Introduction: Portable 120v Backup Power
- One 120v Receptacle
- Two USB Ports, 2.1A and 1A
- Inverter On/Off Switch
- Integrated Charger
- Rugged and Portable Case
Bill of Materials (Price - Source):
- 150 W Inverter (~$20 - Amazon)
- 12v 20Ah SLA Battery (~$40 - Amazon)
- 12v 2A Black and Decker Charger (~$18 - Amazon)
- Rugged Case Apache 2800 (~$30 - Harbor Freight)
- 1 Switch
- some wire heat shrink
- wire stripper
- some crimp connections
- a drill with bits
- a file
Step 1: Fitment: Place Things Where You Want Them to Go.
For mine, I placed the heavy battery middle, center and on the floor of the case, with the handle up. The charger fit on one side and the inverter on the top of the other side. Cables should be shielded from the terminals to prevent a short and a fuse should always be used between the batter and ANY appliances.
Warning: It is not advised to charge a lead acid battery in an enclosed space, whether sealed or not, so I left the top area open, drilled air holes on one end, and put the inverter, with fan, on the other side so there could be some cross ventilation.
Step 2: Wiring
Disconnect the positive lead when working with the wires, especially when cutting and splicing. Double check your work and measure twice so you only cut once.
I wired the negatives from the battery, charger, and the inverter all together. None through a switch, but I did provide negative to the switch to power the small indicator light.
I wired the charger and battery positive together with a 20A fuse proximal to the battery. Then I provided one positive lead to the switch to be received by the inverter when the switch is on.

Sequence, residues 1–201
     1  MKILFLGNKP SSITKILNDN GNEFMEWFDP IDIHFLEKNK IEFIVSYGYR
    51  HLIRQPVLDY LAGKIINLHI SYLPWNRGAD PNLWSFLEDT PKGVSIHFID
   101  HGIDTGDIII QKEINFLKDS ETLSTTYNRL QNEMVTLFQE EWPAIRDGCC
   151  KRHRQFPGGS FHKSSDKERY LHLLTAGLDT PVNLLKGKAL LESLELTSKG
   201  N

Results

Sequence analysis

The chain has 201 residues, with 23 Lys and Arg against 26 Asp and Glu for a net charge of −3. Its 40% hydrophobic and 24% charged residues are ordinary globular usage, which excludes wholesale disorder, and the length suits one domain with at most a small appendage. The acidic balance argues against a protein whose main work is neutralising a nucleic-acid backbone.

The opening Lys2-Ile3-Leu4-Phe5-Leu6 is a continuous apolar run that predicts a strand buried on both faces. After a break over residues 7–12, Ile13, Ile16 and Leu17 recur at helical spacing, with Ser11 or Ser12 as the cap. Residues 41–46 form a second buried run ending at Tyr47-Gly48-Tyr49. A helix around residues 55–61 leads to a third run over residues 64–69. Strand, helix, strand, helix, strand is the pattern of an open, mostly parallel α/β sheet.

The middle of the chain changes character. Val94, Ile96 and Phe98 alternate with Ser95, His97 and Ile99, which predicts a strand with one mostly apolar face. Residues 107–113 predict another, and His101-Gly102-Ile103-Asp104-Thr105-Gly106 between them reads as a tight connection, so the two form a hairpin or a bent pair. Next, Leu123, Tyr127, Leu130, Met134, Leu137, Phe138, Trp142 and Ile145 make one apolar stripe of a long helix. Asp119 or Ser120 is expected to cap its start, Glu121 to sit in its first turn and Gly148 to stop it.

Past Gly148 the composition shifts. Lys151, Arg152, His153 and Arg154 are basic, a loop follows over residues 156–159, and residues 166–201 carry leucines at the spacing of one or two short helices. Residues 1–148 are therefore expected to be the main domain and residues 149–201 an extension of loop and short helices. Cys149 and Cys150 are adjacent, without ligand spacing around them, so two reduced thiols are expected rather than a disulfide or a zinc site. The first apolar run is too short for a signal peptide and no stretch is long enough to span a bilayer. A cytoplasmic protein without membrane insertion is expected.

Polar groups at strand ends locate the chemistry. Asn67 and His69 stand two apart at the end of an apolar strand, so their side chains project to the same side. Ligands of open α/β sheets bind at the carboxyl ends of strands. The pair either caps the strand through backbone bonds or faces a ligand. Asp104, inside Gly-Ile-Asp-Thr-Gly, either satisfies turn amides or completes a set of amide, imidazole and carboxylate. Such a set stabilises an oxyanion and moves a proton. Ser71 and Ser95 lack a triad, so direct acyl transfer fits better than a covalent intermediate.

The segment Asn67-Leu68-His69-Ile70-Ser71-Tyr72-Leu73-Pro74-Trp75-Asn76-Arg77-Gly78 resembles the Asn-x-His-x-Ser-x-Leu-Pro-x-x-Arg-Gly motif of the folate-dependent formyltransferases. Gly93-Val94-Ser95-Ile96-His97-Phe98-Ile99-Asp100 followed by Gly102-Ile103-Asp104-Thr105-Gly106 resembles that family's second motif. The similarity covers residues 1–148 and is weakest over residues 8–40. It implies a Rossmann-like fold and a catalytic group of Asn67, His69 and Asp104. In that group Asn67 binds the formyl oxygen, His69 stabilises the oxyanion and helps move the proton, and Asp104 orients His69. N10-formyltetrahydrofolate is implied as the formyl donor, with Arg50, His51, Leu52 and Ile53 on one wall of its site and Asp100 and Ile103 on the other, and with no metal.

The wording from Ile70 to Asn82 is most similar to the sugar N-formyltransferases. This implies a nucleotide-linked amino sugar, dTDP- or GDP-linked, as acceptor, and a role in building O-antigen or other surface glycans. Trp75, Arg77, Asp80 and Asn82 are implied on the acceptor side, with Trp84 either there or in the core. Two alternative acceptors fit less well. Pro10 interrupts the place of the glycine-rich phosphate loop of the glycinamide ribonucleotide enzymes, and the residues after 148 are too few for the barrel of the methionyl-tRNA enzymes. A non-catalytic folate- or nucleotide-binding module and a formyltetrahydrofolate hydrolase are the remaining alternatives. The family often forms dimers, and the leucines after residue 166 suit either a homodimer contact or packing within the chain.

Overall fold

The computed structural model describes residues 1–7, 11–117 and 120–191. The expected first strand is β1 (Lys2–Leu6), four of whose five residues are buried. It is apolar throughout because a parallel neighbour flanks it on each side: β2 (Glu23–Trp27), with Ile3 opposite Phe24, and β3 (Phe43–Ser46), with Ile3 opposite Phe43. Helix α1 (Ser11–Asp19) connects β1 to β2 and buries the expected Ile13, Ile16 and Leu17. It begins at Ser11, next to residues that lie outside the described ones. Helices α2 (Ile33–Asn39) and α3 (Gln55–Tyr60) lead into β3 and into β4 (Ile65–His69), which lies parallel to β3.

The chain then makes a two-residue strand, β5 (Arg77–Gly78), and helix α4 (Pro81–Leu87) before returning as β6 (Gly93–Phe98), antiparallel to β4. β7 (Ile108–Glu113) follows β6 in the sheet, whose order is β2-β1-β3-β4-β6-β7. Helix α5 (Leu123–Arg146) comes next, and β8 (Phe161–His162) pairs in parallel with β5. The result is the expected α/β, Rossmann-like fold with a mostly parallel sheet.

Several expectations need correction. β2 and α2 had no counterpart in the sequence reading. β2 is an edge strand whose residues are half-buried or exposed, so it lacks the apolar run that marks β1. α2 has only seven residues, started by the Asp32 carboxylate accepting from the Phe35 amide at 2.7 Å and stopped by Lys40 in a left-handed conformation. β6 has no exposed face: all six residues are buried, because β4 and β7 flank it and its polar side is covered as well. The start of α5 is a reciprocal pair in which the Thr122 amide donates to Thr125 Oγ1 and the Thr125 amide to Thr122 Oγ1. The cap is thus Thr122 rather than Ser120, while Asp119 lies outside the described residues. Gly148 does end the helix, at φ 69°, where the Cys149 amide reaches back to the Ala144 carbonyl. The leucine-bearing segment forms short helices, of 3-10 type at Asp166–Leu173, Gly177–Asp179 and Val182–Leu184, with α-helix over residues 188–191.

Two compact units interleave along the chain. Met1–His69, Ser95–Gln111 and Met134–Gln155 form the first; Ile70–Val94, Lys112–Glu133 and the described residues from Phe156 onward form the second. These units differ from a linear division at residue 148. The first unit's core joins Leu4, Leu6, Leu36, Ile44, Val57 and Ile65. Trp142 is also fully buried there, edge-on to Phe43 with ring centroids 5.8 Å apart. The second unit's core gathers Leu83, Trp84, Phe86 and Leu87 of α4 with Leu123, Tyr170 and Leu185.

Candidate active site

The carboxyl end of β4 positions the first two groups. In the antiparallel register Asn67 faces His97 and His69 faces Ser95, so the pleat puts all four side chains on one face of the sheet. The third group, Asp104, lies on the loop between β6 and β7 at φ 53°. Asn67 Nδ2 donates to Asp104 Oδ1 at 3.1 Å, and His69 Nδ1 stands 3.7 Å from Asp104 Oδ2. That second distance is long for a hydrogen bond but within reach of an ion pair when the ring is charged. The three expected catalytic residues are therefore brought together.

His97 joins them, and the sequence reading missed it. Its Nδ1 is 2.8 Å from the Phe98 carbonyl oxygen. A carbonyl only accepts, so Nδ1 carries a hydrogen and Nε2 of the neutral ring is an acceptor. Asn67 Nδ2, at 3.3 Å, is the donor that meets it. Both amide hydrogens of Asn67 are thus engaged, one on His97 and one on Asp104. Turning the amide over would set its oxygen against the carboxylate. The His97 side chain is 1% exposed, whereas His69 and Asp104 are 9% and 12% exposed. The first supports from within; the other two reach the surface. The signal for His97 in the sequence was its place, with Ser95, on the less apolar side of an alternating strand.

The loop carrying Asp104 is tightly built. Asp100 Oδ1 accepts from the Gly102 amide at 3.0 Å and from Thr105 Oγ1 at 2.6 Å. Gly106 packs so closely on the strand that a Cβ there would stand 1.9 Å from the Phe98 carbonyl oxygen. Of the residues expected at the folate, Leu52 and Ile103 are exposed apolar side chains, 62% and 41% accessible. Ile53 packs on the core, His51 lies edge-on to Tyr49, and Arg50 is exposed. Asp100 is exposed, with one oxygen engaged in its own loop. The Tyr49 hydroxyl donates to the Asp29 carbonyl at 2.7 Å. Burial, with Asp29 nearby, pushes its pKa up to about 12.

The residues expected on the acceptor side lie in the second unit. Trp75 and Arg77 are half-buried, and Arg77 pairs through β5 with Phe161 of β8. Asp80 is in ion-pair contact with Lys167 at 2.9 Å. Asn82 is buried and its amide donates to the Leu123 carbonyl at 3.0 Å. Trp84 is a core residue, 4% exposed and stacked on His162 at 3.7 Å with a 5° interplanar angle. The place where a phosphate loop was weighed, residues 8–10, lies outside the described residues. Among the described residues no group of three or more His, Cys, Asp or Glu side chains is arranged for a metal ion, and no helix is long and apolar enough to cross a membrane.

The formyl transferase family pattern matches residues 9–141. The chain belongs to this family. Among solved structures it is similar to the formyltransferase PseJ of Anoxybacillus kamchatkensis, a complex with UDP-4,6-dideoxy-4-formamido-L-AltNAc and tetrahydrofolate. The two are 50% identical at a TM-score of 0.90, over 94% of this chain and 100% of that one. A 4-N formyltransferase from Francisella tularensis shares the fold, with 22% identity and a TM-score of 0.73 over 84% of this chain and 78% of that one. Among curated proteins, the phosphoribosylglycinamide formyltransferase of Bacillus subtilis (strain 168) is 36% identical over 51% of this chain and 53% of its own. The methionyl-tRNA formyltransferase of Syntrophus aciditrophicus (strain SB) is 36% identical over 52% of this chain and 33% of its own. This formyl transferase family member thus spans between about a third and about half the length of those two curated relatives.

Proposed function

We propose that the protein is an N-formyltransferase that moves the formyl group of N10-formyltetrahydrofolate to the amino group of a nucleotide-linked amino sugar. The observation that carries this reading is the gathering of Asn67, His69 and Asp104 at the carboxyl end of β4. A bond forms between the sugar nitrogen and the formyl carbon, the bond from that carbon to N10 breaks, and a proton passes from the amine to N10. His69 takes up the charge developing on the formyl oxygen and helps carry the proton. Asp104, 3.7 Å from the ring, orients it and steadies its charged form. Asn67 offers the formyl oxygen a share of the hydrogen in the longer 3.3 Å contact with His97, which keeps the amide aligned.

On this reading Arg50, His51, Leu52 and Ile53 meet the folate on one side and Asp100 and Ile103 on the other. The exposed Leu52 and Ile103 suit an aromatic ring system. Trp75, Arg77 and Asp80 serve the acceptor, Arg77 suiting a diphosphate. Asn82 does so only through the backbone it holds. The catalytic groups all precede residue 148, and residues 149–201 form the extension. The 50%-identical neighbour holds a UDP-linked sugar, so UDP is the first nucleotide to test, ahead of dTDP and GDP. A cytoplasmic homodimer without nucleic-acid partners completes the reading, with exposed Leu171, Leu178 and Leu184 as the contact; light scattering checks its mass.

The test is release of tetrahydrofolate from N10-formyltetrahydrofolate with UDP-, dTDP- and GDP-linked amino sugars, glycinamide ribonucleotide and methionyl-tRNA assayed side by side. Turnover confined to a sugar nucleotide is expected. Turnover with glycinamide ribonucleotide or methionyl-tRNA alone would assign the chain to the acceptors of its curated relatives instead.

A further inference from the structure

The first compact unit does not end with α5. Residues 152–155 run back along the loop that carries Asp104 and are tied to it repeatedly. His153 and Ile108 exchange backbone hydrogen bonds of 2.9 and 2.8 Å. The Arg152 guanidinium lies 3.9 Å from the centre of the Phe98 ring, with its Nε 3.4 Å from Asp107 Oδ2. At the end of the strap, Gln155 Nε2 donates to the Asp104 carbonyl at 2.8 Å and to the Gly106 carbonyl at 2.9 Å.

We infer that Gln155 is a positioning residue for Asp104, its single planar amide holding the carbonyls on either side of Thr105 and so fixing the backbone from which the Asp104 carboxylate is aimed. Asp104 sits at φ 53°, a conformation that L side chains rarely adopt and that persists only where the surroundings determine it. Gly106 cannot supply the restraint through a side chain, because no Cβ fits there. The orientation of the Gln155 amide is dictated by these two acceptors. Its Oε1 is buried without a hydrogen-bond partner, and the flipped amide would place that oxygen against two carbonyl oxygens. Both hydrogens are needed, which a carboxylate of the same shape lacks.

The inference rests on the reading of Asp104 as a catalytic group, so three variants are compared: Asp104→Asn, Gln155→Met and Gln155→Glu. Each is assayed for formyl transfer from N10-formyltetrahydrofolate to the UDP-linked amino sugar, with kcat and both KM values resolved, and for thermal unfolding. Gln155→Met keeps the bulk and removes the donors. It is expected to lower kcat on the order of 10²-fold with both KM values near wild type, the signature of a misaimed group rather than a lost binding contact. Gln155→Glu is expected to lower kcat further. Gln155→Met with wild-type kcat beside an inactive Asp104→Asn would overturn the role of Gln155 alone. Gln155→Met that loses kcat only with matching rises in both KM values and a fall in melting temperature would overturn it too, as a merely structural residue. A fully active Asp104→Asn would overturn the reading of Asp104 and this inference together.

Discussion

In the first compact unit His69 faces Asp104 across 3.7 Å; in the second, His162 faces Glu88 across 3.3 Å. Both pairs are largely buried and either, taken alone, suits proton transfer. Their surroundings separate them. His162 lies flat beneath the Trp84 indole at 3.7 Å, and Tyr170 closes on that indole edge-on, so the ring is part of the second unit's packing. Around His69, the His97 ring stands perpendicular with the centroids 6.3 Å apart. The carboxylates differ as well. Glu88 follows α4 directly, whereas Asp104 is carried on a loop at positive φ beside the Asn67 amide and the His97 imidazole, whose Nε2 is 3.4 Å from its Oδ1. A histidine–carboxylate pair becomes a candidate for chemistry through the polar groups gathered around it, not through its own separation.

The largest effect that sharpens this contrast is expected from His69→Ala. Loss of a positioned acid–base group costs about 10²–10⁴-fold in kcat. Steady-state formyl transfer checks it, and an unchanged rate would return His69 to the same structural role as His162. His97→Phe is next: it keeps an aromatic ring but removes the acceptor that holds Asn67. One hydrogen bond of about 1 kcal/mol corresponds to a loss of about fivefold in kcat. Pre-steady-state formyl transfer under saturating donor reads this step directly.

Tripple check your work, make sure all wires (if they are not the ones provided) are of proper gauge for the application using the power calculations.
Step 3: Aesthetically Modify
I wanted the charger cable to be coming out of the box, so I made a hole and sliced the wire through. I put some air holes near there as well.
I wanted the 120v Receptacle to also be accessible from the outside so I outlined the faceplate, drilled and filed away to my desired shape.
I wanted the switch to be accessible from the outside so I drilled for that as well. The case came with pick-apart, square foam, so I filled the side spaces so the battery would not swing back and fourth.
Step 4: Test
Do not take this camping, or expect to rely on it in an emergency unless you have properly tested it. I ran some lights off it for an extended period of time and was pleasantly surprised by its performance.
I will say this though. A crappy power inverter from Amazon in a previous model would lower the AC voltage to ~90v when the battery was low, instead of cutting off automatically. This was bad as it ruined one of my nice LED lights, so do not be cheap in purchasing a power inverter. Look for one with a low voltage cutoff.
Next, I hope to complete a lithium version of this but until that, happy building!